KUALA LUMPUR: State coaches have done a wonderful job in guiding their athletes to some very impressive performances at the Malaysian Track and Field Championships (MTFC) which concluded in Bukit Jalil yesterday.
Sabah coach Jumain Taepe produced two promising sprinters, Pengiran Aidil Auf Hajam and Nur Aishah Rofina Aling, who upstaged national athletes in the men’s 200m and women’s 100m events during MTFC.
Pingiran, 18, put national sprinters such as Jonathan Nyepa and Khairul Hafiz Jantan to shame by winning the men’s 200m in 21.54 seconds.
Aishah claimed a surprise gold in the women’s 100m with an 11.90s personal best (PB), beating former Sea Games silver medallist Zaidatul Husniah Zulkifli and Azreen Nabila Alias, who competed at the 2020 Tokyo Olympics, in the process.
Jumain believes it is only a matter of time before the duo become among the top sprinters in the country.
“Pingiran, despite his average physique, was able to outrun more experienced national sprinters (in 200m),” said Jumain.
“He was also able to set a new PB of 10.62s to place fifth in the 100m final.
“For Aishah, this is the first time she has dipped under 12s in a 100m race. My goal is to help her break the long standing national record (11.50s) held by G. Shanti since 1993.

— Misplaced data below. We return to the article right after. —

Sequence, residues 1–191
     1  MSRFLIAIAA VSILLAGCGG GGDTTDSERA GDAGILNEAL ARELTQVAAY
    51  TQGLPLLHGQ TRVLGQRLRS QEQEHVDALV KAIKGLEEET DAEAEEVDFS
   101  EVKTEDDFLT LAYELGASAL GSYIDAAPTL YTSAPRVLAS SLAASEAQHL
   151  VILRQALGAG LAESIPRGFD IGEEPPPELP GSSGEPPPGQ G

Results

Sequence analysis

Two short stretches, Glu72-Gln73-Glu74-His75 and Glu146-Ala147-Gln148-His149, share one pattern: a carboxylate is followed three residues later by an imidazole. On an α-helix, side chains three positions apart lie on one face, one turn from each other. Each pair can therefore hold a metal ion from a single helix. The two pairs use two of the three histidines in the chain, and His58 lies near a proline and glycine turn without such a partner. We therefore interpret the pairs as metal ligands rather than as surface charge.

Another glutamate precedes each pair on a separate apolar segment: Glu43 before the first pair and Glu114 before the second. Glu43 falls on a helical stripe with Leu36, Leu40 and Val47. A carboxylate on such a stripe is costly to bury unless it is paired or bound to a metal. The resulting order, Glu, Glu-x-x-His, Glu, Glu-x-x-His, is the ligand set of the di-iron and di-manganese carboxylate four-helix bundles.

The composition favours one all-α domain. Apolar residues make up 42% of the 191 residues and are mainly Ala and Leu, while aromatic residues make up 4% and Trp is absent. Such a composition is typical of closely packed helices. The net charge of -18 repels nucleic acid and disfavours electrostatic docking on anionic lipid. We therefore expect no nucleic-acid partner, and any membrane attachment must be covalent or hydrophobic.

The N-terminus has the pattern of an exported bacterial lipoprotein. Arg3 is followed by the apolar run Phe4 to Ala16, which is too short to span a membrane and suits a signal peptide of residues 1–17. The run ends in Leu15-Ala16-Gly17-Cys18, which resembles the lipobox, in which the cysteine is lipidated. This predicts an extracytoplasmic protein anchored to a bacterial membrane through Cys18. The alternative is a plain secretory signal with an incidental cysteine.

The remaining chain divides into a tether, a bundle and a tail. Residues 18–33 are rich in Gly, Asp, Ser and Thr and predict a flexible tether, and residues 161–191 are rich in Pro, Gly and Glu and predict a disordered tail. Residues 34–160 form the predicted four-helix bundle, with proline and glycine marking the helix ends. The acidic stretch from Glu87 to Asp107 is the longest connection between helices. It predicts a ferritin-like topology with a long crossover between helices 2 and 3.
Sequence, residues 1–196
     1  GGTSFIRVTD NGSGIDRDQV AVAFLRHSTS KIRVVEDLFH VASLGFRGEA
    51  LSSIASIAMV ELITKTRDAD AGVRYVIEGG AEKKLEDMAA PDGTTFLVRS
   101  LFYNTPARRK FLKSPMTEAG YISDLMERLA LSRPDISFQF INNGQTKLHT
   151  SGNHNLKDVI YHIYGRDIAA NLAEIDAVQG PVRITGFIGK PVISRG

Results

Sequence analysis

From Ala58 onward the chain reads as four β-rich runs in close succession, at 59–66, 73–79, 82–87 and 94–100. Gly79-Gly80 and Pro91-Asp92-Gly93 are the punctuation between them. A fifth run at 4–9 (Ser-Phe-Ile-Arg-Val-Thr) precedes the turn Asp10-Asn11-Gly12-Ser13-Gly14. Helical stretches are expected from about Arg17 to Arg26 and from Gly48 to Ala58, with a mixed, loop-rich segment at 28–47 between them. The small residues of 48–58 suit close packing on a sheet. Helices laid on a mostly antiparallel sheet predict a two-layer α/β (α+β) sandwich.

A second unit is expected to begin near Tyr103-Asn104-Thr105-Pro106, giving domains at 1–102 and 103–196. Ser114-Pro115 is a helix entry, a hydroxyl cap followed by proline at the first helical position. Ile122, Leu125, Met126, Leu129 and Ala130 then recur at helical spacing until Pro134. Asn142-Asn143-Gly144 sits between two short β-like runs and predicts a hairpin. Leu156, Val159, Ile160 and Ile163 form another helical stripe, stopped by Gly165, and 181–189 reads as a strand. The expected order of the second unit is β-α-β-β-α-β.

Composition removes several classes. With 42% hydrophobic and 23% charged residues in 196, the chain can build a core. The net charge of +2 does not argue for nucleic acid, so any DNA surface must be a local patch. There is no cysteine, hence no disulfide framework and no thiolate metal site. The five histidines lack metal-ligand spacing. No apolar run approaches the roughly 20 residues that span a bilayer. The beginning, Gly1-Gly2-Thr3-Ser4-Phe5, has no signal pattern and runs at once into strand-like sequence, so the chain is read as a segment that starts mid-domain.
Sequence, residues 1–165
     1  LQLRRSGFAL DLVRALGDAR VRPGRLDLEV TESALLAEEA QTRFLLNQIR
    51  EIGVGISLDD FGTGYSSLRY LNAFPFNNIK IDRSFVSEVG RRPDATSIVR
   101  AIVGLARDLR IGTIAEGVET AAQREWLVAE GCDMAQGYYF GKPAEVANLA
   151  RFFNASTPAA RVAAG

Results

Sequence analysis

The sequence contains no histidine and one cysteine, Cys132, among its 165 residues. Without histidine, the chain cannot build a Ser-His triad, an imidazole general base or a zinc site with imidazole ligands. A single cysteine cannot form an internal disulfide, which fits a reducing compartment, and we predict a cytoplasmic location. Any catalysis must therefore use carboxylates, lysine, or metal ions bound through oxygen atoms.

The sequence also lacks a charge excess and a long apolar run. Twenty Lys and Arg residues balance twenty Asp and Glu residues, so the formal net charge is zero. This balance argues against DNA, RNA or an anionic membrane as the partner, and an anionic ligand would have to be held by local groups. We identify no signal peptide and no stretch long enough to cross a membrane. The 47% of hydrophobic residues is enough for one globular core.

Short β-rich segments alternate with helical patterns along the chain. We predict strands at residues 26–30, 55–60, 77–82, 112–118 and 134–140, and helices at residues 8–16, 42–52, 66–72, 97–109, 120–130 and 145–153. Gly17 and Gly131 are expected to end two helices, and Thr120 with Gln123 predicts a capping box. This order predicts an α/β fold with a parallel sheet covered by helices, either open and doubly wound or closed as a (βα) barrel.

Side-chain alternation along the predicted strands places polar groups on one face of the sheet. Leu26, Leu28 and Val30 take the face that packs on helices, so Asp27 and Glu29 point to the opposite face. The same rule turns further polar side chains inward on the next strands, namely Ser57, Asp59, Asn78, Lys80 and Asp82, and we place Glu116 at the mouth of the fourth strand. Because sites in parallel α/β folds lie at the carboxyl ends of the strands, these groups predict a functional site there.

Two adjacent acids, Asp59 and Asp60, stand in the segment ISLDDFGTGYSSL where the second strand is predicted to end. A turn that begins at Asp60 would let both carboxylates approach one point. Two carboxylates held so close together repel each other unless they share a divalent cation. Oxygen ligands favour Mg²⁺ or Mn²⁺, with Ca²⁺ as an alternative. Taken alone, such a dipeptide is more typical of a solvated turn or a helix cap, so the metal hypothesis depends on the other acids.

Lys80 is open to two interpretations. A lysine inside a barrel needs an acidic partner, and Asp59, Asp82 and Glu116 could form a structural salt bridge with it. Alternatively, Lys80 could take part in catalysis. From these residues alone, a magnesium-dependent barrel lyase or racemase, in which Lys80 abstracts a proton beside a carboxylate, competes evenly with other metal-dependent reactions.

“It will be tough but not impossible.”
Johor’s Umar Osman, 19, made his coach Simon Lau proud after clocking a PB of 47.28s during the men’s 400m heats to dip under the Phnom Penh Sea Games qualifying mark of 47.46s. He went on to win the final.
Pahang’s S. Poo Vasanthan, who is coached by his dad P. Subramaniam, ran the race of his life to win the men’s 10,000m event in a new PB of 32:01.96s. The time was even faster than the Hanoi Sea Games gold medal winning time of 32:17.34s achieved by Nguyen Van Lai (Vietnam) last year.
Air Forces’ S. Maheswaran, who is coached by V. Tiruvatiron, upstaged national athletes to win the men’s 800m in 1:53.70s and make the cut for the Sea Games.
The coaches mentioned above deserve recognition for what they have achieved and are exactly what Malaysia needs to produce athletes capable of shining at the international level.
The time has come for Malaysian Athletics Federation (MAF) to review their whole coaching structure and make changes, possibly by bringing in some of these coaches into the national setup.